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A Guide to @Input and @Output decorators in Angular

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@Input, @Output decorators in angular


Angular is a popular JavaScript framework used for building web applications. One of the key features of Angular is its ability to create reusable components. To enhance component communication, Angular provides decorators such as @Input and @Output. In this blog, we will explore the concepts of @Input and @Output in Angular and understand how they facilitate data flow between components.

1. Understanding @Input

The @Input decorator allows data to flow from a parent component to a child component. It establishes a one-way binding, where the parent component can pass data to the child component as an input property. The child component can then utilize this data within its template or logic.

a. Syntax

To define an input property, use the @Input decorator followed by the property name in the child component. For example:

@Input() myProperty: string;

In the parent component template, you can bind a value to this property:

<app-child [myProperty]="parentValue"></app-child>

Here, parentValue is a property defined in the parent component.

b. Usage

The child component can access the value of myProperty and use it within its template or logic. Any changes made to the input property in the parent component will automatically reflect in the child component.

2. Understanding @Output

The @Output decorator allows a child component to send data or trigger events to its parent component. It establishes a one-way binding in the opposite direction, from child to parent. This enables communication between components and facilitates interactivity in the application.

a. Syntax

To define an output property, use the @Output decorator followed by an EventEmitter object. For example:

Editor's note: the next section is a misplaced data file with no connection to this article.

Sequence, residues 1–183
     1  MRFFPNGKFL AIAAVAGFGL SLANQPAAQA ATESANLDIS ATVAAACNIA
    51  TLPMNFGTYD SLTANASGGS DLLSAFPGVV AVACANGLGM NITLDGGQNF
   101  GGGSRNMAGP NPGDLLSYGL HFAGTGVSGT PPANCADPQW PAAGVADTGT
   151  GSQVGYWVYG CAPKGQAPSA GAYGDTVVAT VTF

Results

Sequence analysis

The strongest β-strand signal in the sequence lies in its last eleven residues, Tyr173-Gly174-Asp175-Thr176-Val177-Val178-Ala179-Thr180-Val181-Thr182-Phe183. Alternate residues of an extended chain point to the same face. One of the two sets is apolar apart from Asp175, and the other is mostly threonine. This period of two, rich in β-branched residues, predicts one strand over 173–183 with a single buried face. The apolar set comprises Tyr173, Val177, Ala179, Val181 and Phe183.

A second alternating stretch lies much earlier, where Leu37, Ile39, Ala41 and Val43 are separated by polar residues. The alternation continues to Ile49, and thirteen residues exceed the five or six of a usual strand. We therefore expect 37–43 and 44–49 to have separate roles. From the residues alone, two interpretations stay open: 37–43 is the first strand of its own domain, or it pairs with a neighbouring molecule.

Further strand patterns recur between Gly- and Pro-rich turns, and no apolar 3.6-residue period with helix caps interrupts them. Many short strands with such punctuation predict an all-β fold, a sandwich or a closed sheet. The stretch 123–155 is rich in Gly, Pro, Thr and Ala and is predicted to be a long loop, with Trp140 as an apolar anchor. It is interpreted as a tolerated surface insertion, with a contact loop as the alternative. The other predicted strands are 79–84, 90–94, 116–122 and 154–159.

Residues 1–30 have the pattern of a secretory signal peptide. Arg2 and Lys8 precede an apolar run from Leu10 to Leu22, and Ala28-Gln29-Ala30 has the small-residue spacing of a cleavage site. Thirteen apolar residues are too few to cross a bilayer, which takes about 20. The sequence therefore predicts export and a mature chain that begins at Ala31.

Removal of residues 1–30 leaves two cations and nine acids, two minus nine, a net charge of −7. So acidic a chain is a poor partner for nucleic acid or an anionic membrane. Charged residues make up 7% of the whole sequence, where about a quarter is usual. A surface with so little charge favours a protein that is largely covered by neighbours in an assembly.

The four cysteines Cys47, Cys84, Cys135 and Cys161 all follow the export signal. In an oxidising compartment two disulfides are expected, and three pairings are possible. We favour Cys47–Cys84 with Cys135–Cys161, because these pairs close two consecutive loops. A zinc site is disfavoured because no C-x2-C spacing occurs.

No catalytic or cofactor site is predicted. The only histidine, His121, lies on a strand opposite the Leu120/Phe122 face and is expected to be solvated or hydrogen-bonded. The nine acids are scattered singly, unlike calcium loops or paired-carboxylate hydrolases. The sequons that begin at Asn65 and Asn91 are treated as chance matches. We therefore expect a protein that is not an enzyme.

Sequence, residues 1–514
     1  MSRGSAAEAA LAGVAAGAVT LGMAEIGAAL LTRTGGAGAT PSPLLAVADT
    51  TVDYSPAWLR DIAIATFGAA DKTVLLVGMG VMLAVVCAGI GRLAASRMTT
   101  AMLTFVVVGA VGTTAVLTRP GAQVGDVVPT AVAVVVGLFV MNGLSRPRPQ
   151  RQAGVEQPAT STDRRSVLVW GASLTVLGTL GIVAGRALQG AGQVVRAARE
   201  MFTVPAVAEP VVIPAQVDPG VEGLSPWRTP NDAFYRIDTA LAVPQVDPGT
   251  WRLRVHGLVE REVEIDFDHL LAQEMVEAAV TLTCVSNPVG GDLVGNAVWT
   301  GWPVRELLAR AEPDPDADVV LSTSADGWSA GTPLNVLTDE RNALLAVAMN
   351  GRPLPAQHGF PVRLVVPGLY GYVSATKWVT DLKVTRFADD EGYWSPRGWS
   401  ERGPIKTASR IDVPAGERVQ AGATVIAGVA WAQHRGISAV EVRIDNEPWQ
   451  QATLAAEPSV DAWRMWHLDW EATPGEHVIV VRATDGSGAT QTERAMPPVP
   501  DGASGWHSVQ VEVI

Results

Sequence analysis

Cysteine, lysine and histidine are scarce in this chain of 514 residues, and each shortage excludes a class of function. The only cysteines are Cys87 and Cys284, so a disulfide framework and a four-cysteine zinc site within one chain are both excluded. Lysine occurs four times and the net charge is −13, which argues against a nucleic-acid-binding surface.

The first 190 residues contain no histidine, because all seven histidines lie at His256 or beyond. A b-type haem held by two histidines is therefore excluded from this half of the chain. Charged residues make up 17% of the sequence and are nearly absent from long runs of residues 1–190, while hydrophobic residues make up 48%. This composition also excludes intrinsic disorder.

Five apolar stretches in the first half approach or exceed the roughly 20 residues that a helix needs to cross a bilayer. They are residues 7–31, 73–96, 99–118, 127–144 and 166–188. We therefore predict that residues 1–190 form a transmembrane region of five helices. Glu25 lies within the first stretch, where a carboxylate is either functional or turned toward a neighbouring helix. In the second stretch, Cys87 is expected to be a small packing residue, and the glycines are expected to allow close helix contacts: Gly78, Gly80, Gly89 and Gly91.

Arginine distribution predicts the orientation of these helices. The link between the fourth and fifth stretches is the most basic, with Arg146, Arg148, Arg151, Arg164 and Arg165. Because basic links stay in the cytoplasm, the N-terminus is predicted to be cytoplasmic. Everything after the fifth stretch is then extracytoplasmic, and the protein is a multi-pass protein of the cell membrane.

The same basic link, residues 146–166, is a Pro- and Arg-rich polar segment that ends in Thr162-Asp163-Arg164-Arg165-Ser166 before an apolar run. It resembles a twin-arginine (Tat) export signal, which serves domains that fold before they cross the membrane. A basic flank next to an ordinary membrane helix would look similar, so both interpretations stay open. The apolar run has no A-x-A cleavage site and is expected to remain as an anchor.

@Output() myEvent: EventEmitter<any> = new EventEmitter<any>();

In the child component template or logic, you can trigger the event using the EventEmitter:


b. Usage

The parent component can listen to the output event emitted by the child component using event binding. For example:

<app-child (myEvent)="handleEvent($event)"></app-child>

In the parent component, define a method handleEvent() to handle the emitted event and access the data sent by the child component.

3. Two-Way Data Binding using [(ngModel)]

Angular provides a shorthand notation for two-way data binding using [(ngModel)]. It combines the functionality of @Input and @Output into a single directive, simplifying the code and enhancing productivity.

a. Syntax

To use [(ngModel)], import the FormsModule in the module and then bind it to a property in the component template:

<input [(ngModel)]="property">

Any changes made to the input field will automatically update the property value, and vice versa.


In Angular, the @Input and @Output decorators play a crucial role in component communication. The @Input decorator facilitates passing data from a parent component to a child component, while the @Output decorator allows the child component to send data or trigger events to its parent. Happy Coding!

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Aanchal Agarwal is a Software Consultant at NashTech. Her practice area is web development. She is recognized as a multi-talented, multitasker, and adaptive to the different work environments. Her hobbies include watching movies, listening to music, and traveling. She likes to read books and explore new things.

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